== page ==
Core skills for effective science communication: a teaching resource for undergraduate science education

Mercer-Mapstone, Lucy and Kuchel, Louise (2015) Core skills for effective science communication: a teaching resource for undergraduate science education. International Journal of Science Education, Part B: Communication and Public Engagement, 7 2: 181-201. doi:10.1080/21548455.2015.1113573


Author Mercer-Mapstone, Lucy
Kuchel, Louise
Title Core skills for effective science communication: a teaching resource for undergraduate science education
Journal name International Journal of Science Education, Part B: Communication and Public Engagement   Check publisher's open access policy
ISSN 2154-8455
2154-8463
Publication date 2015-11-30
Year available 2015
Sub-type Article (original research)
DOI 10.1080/21548455.2015.1113573
Open Access Status Not Open Access
Volume 7
Issue 2
Start page 181
End page 201
Total pages 21
Place of publication Abingdon, Oxon United Kingdom
Publisher Routledge
Language eng
Subject 3304 Education
3315 Communication
Abstract Science communication is a diverse and transdisciplinary field and is taught most effectively when the skills involved are tailored to specific educational contexts. Few academic resources exist to guide the teaching of communication with non-scientific audiences for an undergraduate science context. This mixed methods study aimed to explore what skills for the effective communication of science with non-scientific audiences should be taught within the Australian Bachelor of Science. This was done to provide a basis from which to establish a teaching resource for undergraduate curriculum development. First, an extensive critique of academic literature was completed to distil the communication ‘skills’ or ‘elements’ commonly cited as being central to the effective communication of science from across the fields of science, communication, education, and science communication. A list of ‘key elements’ or ‘core skills’ was hence produced and systematically critiqued, edited, and validated by experts in the above four fields using a version of the Delphi method. Each of the skills identified was considered by experts to be mostly, highly, or absolutely essential, and the resource as a whole was validated as ‘Extremely applicable’, within the context of teaching undergraduate science students to communicate with non-scientific audiences. The result of this study is an evidence-based teaching resource: ‘12 Core skills for effective science communication’, which is reflective of current theory and practice. This resource may be used in teaching or as a guide to the development of communication skills for undergraduate science students in Australia and elsewhere.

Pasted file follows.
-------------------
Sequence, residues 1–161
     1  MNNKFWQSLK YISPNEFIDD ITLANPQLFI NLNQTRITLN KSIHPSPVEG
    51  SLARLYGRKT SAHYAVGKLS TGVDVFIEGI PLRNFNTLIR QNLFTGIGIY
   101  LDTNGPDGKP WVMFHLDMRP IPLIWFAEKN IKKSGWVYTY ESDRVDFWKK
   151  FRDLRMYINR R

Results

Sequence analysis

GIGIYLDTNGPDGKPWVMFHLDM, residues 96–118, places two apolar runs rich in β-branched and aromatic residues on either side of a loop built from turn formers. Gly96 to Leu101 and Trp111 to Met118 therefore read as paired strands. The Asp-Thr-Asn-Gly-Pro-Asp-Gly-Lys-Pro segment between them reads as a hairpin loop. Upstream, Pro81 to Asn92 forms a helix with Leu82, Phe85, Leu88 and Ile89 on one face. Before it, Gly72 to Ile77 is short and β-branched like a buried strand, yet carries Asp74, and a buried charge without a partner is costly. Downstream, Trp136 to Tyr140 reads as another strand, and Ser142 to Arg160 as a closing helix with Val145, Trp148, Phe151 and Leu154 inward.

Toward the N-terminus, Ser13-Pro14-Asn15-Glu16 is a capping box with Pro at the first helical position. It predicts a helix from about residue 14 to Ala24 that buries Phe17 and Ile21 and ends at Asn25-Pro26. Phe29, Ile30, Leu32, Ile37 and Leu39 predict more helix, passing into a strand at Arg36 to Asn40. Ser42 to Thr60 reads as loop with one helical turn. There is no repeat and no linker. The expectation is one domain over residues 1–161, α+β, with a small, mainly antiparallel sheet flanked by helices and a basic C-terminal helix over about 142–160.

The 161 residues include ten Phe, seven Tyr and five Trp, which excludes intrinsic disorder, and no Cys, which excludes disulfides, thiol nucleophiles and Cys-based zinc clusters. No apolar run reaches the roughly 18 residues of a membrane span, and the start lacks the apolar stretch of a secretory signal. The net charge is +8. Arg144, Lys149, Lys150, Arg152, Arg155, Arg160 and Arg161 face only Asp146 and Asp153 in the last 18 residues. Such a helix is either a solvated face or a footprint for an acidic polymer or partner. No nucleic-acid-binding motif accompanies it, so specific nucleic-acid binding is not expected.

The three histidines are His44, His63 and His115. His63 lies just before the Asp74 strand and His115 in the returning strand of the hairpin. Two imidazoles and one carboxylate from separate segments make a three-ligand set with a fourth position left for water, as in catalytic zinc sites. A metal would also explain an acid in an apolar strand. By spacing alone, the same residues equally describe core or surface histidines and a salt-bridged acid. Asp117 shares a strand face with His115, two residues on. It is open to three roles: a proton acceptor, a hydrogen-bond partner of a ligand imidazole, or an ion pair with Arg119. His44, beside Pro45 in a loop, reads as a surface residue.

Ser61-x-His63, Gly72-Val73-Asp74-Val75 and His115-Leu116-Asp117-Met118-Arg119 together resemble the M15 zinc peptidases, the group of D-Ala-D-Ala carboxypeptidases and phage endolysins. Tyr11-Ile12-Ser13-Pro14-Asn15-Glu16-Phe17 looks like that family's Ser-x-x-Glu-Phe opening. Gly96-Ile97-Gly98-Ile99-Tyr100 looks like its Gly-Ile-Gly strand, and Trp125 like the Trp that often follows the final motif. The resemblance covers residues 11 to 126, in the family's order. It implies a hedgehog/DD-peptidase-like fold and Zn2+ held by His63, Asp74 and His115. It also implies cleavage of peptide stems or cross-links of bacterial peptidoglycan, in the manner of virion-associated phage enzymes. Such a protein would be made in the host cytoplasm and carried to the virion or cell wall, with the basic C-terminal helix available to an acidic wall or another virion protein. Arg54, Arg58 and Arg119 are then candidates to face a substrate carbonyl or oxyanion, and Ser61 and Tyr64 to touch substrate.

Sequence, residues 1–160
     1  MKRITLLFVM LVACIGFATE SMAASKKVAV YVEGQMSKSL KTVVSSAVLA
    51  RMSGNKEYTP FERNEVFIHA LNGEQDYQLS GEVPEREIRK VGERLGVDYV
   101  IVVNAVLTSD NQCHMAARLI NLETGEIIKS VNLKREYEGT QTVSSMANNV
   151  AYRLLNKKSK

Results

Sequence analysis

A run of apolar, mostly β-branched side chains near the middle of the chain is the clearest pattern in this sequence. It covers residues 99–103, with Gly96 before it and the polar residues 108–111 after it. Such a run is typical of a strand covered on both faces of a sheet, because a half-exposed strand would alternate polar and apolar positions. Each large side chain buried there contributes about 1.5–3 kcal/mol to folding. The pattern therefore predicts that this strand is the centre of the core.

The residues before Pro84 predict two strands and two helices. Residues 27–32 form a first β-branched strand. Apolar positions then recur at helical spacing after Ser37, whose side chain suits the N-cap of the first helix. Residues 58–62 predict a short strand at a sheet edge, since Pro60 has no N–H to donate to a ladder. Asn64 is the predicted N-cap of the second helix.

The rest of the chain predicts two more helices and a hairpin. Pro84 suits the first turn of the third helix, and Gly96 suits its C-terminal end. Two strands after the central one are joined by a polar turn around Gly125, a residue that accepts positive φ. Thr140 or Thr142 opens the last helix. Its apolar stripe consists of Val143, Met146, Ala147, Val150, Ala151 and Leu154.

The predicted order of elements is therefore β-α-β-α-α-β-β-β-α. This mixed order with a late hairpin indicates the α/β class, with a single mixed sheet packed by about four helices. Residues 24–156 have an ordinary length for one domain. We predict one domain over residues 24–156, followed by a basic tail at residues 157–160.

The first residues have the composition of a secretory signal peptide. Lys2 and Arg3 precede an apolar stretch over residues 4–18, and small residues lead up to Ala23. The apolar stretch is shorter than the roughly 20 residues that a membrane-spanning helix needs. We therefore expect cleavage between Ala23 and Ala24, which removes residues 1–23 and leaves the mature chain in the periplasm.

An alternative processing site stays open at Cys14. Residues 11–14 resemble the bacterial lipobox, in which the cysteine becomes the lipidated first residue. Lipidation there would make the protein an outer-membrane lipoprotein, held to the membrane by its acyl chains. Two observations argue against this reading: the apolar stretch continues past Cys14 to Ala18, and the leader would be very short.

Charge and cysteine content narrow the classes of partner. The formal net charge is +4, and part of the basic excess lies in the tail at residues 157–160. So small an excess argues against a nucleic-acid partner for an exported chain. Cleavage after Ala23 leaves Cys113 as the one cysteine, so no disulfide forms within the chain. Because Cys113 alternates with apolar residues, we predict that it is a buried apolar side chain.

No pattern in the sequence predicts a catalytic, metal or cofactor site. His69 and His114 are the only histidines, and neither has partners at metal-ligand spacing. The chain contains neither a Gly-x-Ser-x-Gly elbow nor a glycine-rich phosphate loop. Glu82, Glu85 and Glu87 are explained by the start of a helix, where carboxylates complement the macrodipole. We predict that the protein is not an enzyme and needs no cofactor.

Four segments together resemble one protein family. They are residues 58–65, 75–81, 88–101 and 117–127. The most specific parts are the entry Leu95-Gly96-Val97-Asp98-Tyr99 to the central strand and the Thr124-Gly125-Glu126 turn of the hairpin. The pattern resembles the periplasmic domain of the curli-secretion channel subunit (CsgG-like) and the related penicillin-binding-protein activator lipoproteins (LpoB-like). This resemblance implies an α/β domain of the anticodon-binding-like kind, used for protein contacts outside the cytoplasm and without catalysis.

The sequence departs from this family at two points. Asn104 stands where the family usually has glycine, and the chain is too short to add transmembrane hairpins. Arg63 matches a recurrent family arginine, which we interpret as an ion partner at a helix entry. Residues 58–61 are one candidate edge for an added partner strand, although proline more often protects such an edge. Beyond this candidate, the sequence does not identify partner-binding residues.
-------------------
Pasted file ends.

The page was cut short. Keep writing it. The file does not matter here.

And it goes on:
Keyword Science communication
Higher education
Science education
Communication
Q-Index Code C1
Q-Index Status Provisional Code
Institutional Status UQ

Document type: Journal Article
Sub-type: Article (original research)
Collections: Official 2016 Collection
School of Biological Sciences Publications
 
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Created: Thu, 11 Feb 2016, 02:10:58 EST by Dr Louise Kuchel on behalf of School of Biological Sciences